Having all-female classes may seem like the solution, but it is not. A more effective way to promote female attendance in these kinds of courses would be to “provide information to counter gender-related stereotypes about computer science, in addition to information about the various educational and career paths that women can pursue in high-technology fields” (Crombie, 2001, p. 43). Providing students valuable information in STEM courses is important, but in order to get them to enroll to begin with, they need to be educated with what they are about and the opportunities and possibilities these courses can guide them toward. Along with persuading females to enroll in computer science courses, schools need to let them know they are capable of working in a technology related job and that it can be successful long-term career for them. Along with that, females must also want to keep being a member of the STEM field past their classes. In order for them to join the field of technology as a life-long career, they must have a pleasant experience in their encounters with technology. Being treated the same as their male peers is one step towards that, but they must enjoy their experience to continue it and choose to enroll in more classes. This can lead them to pursuing is as a major in college and eventually find jobs the workforce that is related to technology.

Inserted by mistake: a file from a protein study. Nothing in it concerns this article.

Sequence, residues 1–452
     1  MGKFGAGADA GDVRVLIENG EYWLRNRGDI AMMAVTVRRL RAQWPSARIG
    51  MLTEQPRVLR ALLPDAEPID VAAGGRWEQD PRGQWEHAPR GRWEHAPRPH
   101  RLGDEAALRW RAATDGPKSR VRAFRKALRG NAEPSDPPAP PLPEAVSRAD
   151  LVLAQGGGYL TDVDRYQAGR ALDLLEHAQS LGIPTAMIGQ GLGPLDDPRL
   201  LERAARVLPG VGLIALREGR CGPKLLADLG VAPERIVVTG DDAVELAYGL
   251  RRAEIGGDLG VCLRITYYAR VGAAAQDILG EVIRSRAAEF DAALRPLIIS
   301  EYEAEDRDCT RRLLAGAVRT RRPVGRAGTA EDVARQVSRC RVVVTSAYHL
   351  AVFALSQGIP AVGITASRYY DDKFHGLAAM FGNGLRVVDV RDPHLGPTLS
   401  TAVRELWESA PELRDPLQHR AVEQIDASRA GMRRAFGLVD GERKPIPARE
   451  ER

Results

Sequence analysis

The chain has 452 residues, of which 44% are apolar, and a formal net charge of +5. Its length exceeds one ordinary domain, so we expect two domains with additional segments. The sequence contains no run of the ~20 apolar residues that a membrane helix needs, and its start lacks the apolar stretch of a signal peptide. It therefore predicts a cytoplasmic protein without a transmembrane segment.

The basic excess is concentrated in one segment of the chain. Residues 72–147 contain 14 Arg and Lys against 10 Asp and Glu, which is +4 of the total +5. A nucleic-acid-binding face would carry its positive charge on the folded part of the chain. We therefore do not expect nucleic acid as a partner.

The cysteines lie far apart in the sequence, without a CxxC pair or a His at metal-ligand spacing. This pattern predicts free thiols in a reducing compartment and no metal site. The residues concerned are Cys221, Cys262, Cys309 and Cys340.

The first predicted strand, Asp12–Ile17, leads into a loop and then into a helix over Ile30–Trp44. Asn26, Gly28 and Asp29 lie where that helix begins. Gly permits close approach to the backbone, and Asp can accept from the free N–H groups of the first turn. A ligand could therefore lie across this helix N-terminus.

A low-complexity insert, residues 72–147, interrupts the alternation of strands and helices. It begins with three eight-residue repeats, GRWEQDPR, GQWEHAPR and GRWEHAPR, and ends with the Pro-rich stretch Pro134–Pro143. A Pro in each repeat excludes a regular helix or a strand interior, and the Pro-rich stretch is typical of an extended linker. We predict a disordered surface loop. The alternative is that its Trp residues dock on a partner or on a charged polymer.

The Workplace

A company may seem to be inclusive but might not be when smaller details are examined closer. Racial minorities and women tend to have “limited access to, or exclusion from, informal interaction networks” (Siu, 2004, p. 23). Networking provides employees with additional advantages in the workplace. Some advantageous include impacts on performance, having a supportive work environment, along with providing way to advance in their careers. Without having the same resources as their coworkers, women, especially if they are a minority, they are less likely to be as successful. Women also tend to have “less access to a variety of resources, such as income, position, and information, than men” (Siu, 2004, p. 24). This leads to the idea that a women’s accomplishments are not as important and their work is less significant than the work done by their male coworkers. Although it may be easy to overlook, companies need to acknowledge that there are still unfair disadvantages women face in the workplace and address it along with more obvious concerns. These overlooked details are likely to stem from women “being placed on task forces or committees merely to create a gender balance, or being on unimportant committees” (Siu, 2004, p. 26). It may seem that women are receiving equal opportunities in the workplace, but that is actually false information when the importance of what they are offered is examined more closely.